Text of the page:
Nickel-base superalloys currently limit gas turbine engine performance. Active cooling has extended the temperature range of service of nickel-base superalloys in current gas turbine engines, but the margin for further improvement appears modest. Therefore, significant advancements in materials technology are needed to raise turbine inlet temperatures above 2400 °F to increase engine specific thrust and operating efficiency. Because of their low density and high-temperature strength and thermal conductivity, in situ toughened silicon nitride ceramics have received a great deal of attention for cooled structures. However, the high processing costs and low impact resistance of silicon nitride ceramics have proven to be major obstacles for widespread applications. Advanced rapid prototyping technology in combination with conventional gel casting and sintering can reduce high processing costs and may offer an affordable manufacturing approach.
Researchers at the NASA Glenn Research Center, in cooperation with a local university and an aerospace company, are developing actively cooled and functionally graded ceramic structures. The objective of this program is to develop cost-effective manufacturing technology and experimental and analytical capabilities for environmentally stable, aerodynamically efficient, foreign-object-damage-resistant, in situ toughened silicon nitride turbine nozzle vanes, and to test these vanes under simulated engine conditions.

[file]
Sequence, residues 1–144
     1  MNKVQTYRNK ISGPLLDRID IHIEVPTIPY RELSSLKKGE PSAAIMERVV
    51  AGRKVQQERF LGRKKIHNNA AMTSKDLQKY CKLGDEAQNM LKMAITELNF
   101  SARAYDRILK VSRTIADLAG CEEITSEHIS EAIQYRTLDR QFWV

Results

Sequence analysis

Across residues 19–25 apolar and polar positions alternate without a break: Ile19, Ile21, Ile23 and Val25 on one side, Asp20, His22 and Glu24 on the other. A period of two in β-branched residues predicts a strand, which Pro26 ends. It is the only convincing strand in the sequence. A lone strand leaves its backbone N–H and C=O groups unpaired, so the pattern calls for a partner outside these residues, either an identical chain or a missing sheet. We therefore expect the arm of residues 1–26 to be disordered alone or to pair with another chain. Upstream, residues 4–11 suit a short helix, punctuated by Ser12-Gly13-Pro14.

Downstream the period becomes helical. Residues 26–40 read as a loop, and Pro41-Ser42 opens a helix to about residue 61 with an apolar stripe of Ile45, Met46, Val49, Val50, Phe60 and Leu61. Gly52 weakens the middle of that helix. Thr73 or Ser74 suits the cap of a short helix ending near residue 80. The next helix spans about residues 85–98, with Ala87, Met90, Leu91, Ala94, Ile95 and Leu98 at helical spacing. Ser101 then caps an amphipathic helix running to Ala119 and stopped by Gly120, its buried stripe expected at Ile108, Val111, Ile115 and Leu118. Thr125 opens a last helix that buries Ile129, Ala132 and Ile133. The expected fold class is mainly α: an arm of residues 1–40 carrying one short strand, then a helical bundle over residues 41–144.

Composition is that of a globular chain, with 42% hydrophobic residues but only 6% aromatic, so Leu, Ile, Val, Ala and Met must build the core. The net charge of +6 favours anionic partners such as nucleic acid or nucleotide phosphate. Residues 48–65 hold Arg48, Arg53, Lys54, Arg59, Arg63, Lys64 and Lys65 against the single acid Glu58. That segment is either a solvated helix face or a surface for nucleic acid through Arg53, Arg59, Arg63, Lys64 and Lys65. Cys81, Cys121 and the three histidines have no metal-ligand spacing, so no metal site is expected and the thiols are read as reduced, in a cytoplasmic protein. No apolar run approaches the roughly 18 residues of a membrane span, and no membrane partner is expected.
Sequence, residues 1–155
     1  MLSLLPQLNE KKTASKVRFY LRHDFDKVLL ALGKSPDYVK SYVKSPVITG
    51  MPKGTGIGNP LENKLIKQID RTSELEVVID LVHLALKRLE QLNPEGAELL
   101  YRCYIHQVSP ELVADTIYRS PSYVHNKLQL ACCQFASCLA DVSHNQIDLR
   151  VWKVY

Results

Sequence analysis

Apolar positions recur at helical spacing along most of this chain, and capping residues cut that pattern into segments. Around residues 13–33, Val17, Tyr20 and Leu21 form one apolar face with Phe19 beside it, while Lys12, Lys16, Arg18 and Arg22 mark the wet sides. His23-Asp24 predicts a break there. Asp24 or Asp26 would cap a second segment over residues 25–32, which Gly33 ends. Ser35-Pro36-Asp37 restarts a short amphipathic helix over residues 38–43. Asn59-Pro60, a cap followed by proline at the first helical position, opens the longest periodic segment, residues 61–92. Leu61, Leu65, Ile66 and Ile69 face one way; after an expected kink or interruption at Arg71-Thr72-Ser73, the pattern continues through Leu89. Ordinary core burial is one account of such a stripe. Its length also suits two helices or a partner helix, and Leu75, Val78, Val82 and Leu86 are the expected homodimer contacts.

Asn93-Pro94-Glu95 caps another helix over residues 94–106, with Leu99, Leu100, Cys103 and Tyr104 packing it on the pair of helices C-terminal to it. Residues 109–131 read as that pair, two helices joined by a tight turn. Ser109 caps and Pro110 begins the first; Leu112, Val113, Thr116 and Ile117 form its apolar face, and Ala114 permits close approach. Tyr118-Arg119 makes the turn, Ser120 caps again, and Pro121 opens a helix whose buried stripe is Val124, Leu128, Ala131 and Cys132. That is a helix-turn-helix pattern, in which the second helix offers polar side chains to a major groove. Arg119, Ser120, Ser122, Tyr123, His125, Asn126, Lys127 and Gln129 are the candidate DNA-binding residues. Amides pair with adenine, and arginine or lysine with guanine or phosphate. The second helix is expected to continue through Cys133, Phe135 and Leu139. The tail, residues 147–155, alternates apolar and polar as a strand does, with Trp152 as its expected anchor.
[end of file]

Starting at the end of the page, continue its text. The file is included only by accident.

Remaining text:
Variation of DT (surface temperature minus maximum internal temperature) with cooling airflow for an uncoated and a thermal-barrier-coated silicon nitride plate with cooling holes.
Starting with computer aided design (CAD) files of an airfoil and a flat plate with internal cooling passages, the permanent and removable mold components for gel casting ceramic slips were made by stereolithography and Sanders machines, respectively. The gel-cast part was dried and sintered to final shape. Several in situ toughened silicon nitride generic airfoils with internal cooling passages have been fabricated. The uncoated and thermal-barrier-coated airfoils and flat plates were burner rig tested for 30 min without and with air cooling. Without cooling, the surface temperature of the flat plate reached ~2350 °F. With cooling, the surface temperature decreased to ~1910 °F--a drop of ~440 °F (see the figure). This preliminary study demonstrates that a near-net-shape silicon nitride airfoil can be fabricated and that silicon nitride can sustain severe thermal shock and the thermal gradients induced by cooling and, thus, is a viable candidate for cooled components.
Glenn contact: Dr. Ramakrishna T. Bhatt, 216-433-5513, Ramakrishna.T.Bhatt@grc.nasa.gov
Author: Dr. Ramakrishna T. Bhatt
Headquarters program office: OAT
Programs/Projects: Propulsion and Power Systems R&T
Last updated June 25, 2001, by Nancy.L.Obryan@nasa.gov
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